Large study finds higher burden of acute brain dysfunction for COVID-19 ICU patients
COVID-19 patients admitted to intensive care in the early months of the pandemic were subject to a significantly higher burden of delirium and coma than is typically found in patients with acute respiratory failure. Choice of sedative medications and curbs on family visitation played a role in increasing acute brain dysfunction for these patients.
That’s according to an international study published Jan. 8 in The Lancet Respiratory Medicine, led by researchers at Vanderbilt University Medical Center in coordination with researchers in Spain.
The study, which is by far the largest of its kind to date, tracks the incidence of delirium and coma in 2,088 COVID-19 patients admitted before April 28, 2020, to 69 adult intensive care units across 14 countries.
ICU delirium is associated with higher medical costs and greater risk of death and long-term ICU-related dementia. Seminal studies at VUMC over the past two decades have spurred widespread interest in ICU delirium research, and the resulting body of evidence has come to inform critical care guidelines endorsed by medical societies in several countries. These guidelines include well-calibrated pain management with prompt discontinuation of analgesics and sedatives, daily spontaneous awakening trials, daily spontaneous breathing trials, delirium assessments throughout the day, early mobility and exercise and family engagement.
Some 82% of patients in this observational study were comatose for a median of 10 days, and 55% were delirious for a median of three days. Acute brain dysfunction (coma or delirium) lasted for a median of 12 days.
“This is double what is seen in non-COVID ICU patients,” said VUMC’s Brenda Pun, DNP, RN, co-first author on the study with Rafael Badenes, MD, PhD, of the University of Valencia in Spain. The authors cite a previous large, multi-site ICU study, also led by VUMC, where acute brain dysfunction lasted a median of five days, including four days of coma and one day of delirium.
The authors note that COVID-19 disease processes could predispose patients to a higher burden of acute brain dysfunction. But they also note that a number of patient care factors, some of which are related to pressures posed on health care by the pandemic, also appear to have played a significant role.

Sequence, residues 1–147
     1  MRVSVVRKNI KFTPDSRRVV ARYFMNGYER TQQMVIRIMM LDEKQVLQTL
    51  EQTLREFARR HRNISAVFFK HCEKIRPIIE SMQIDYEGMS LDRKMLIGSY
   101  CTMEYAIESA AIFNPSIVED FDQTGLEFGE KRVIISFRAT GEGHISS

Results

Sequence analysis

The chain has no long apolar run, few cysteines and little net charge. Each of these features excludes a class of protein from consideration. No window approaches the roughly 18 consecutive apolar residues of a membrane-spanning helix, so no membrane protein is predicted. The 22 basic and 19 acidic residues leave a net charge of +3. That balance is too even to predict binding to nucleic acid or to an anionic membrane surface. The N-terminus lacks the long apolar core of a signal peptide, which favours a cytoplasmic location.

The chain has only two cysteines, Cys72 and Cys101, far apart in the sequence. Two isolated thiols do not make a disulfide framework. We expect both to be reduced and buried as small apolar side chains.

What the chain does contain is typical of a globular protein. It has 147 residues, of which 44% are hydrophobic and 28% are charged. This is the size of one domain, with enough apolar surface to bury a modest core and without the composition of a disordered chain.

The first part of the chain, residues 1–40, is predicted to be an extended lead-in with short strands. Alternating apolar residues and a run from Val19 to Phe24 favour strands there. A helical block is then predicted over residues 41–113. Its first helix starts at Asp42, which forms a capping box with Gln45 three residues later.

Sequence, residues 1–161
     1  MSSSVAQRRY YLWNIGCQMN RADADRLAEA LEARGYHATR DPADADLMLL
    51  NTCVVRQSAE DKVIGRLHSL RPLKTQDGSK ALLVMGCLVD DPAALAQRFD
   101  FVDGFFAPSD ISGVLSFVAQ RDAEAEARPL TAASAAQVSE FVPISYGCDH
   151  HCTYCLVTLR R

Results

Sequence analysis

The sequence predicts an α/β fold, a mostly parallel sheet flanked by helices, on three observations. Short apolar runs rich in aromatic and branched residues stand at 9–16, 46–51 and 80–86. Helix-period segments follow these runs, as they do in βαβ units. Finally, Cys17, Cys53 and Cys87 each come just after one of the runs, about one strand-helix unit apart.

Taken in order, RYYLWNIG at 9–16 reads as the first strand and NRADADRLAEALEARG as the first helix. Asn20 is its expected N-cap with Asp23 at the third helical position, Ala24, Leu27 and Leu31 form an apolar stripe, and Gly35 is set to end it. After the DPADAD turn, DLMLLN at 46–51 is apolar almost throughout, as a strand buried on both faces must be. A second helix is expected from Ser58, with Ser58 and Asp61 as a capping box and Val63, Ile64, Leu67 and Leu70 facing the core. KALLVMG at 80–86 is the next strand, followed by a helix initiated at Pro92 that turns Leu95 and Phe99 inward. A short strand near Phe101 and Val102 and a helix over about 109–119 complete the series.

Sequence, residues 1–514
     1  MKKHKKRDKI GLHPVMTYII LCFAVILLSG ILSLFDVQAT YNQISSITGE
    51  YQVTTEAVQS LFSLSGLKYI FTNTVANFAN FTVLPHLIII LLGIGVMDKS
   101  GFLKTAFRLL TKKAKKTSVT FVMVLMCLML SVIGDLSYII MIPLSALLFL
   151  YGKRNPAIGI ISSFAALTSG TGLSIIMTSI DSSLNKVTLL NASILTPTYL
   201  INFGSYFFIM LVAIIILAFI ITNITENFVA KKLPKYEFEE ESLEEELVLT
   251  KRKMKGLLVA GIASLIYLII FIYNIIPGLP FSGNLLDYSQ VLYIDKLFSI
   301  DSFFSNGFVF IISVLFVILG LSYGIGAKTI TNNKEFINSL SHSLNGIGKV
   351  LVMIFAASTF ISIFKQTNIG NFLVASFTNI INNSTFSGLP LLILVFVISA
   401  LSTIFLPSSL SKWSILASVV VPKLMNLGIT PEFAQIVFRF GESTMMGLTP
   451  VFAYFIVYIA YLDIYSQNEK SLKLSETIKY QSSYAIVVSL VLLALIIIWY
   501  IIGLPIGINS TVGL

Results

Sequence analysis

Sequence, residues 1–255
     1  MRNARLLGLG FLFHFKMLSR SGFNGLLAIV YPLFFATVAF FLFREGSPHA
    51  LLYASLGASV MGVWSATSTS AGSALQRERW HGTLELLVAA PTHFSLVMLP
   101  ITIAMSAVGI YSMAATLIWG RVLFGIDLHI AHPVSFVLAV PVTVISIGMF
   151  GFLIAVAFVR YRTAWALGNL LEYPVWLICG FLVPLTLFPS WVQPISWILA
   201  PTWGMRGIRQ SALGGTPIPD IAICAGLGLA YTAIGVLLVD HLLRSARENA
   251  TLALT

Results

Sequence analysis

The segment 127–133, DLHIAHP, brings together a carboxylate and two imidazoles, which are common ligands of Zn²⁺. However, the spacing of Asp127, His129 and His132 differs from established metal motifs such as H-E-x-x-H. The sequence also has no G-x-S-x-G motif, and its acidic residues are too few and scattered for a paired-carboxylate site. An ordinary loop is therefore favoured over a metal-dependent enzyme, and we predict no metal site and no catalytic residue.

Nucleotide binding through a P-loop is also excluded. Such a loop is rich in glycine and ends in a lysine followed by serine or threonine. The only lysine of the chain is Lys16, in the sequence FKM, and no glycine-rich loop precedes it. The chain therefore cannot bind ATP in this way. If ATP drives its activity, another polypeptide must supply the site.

The study appears to show a reversion to outmoded critical care practices, including deep sedation, widespread use of benzodiazepine infusions (benzodiazepines are nervous system depressants), immobilization and isolation from families. The authors find that where COVID-19 is concerned, there has been an apparent widespread abandonment of newer clinical protocols that are proven to help ward off the acute brain dysfunction that stalks many critically ill patients.
“It is clear in our findings that many ICUs reverted to sedation practices that are not in line with best practice guidelines,” Pun said, “and we’re left to speculate on the causes. Many of the hospitals in our sample reported shortages of ICU providers informed about best practices. There were concerns about sedative shortages, and early reports of COVID-19 suggested that the lung dysfunction seen required unique management techniques including deep sedation. In the process, key preventive measures against acute brain dysfunction went somewhat by the boards.”
Using electronic health records, investigators were able to closely examine patient characteristics, care practices and findings from clinical assessments. Some 88% of patients tracked in the study were invasively mechanically ventilated at some point during hospitalization, 67% on the day of ICU admission. Patients receiving benzodiazepine sedative infusions were at 59% higher risk of developing delirium. Patients who received family visitation (in-person or virtual) were at 30% lower risk of delirium.
“There’s no reason to think that, since the close of our study, the situation for these patients has changed,” said one of the study’s senior authors, Pratik Pandharipande, MD, MSCI, professor of Anesthesiology. “These prolonged periods of acute brain dysfunction are largely avoidable. Our study sounds an alarm: as we enter subsequent waves of COVID-19, ICU teams need above all to return to lighter levels of sedation for these patients, frequent awakening and breathing trials, mobilization and safe in-person or virtual visitation.”
Pandharipande is co-director, with the study’s other senior author, Wesley Ely, MD, MPH, of the Critical Illness, Brain Dysfunction, and Survivorship Center. Pun is director of data quality with the center. Other VUMC investigators on the study include Onur Orun, MS, Wencong Chen, PhD, Rameela Raman, PhD, Beata-Gabriela Simpson, MPH, Stephanie Wilson-Linville, BSN, Nathan Brummel, MD, and Timothy Girard, MD.